Alberto Fernández takes over as Argentina’s president on Tuesday with hopes of bolstering exports to spur growth and pay debts. But no sooner than the wheels start turning on his four-year term, he faces a speed bump from the crop industry, which accounts for more than a third of shipments.
Drought has ravaged the wheat and barley crop on the Pampas growing belt that rakes in key export revenues over the new-year period. Wheat is chiefly sold to Brazilian millers. Barley goes to Saudi Arabia for camel feed. And most of what is left to harvest on parched fields has already been traded by savvy farmers, meaning Fernández’s plan to grab his share by raising export taxes will be largely futile.
Take Claudio Sánchez, a grower in Frapal, Buenos Aires province. His wheat plants, spread across 4,000 hectares (about 10,000 acres), are expected to yield 40 percent less than last year and he’s already sold about 70 percent of the grain still in the ground to exporters in forward contracts. That means he pays the current export tax of nearly seven percent rather than the higher rate that’s expected under Fernández.
The drought has put prognosticators who were expecting a record wheat harvest on the back foot. At the Buenos Aires Grain Exchange, the forecast has ebbed 12 percent since the start of the season to 18.5 million metric tons.
That’s still a good crop, even placing Argentina ahead of southern-hemisphere rival Australia. But bigger would have been better for Fernández, who needs all the help he can get to pull the country out of recession and make good on bond payments. Wheat and barley exports will bring in just US$2.9 billion this season, according to Agustin Tejeda, chief economist at the Buenos Aires Exchange. Last season, they were worth closer to US$4 billion.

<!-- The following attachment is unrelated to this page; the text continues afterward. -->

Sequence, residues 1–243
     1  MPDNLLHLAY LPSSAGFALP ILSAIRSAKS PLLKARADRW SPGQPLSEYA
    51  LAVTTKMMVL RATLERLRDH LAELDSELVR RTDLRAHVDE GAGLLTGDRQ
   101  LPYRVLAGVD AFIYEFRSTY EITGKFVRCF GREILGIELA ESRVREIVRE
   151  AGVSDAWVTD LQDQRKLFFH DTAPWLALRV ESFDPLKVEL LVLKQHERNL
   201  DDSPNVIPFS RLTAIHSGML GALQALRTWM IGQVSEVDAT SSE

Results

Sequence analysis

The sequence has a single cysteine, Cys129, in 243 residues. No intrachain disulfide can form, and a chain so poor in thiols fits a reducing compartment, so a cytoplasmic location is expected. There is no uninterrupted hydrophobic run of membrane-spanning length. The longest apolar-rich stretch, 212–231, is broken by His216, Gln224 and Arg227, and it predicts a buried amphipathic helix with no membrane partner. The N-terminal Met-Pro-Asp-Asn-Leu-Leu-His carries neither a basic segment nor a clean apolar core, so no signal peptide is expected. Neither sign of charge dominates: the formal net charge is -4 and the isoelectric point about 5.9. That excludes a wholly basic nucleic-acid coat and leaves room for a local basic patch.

Dry weather is also posing a threat to Argentina’s biggest cash crops – soybeans and corn, which are being sown on the Pampas. Recent rains have restored some soil moisture, allowing farmers to get seeds in the ground. But concerns for the next few months, when the plants grow, linger.
Sanchez, who’s planted corn, says Frapal is suffering one of its five driest years since records began there in 1967. “It’s still very, very early but we’ll have to keep a close eye on the Argentina rainfall forecast,” Jacob Christy, a crop trader at Andersons Inc, said in a video posted online.
It’s not only wheat that’s being traded now to skirt a likely rise in export taxes. Sanchez has joined crowds of farmers who’ve both sold newly planted corn in forward contracts and priced stockpiles of last season’s grain.
As a result, 14.7 million tons of corn that haven’t even been collected are already listed on Argentina’s crop exports register, three-and-a-half times more than at the same stage last year. Three quarters of the past harvest is also listed, compared with just 58 percent a year ago.
The rush to price leftover soybeans in the past few weeks is squeezing traders, with Vicentin SAIC, Argentina’s biggest exporter of soy meal and oil, missing US$350 million in payments to farmers.
On Monday, soybean futures in Chicago rose as much as 0.9 percent to US$8.9775 a bushel.
Looking ahead, growers warn that if Fernández moves too aggressively on export taxes to increase fiscal revenues, it will scupper his plan to bolster shipments.
Likewise, there are fears that interventionist strategies used to tame inflation under the presidency of Cristina Fernández de Kirchner, now vice president-elect, will make a comeback and prevail over the need for export dollars. Those strategies included curbing food sales abroad and regulating prices at home.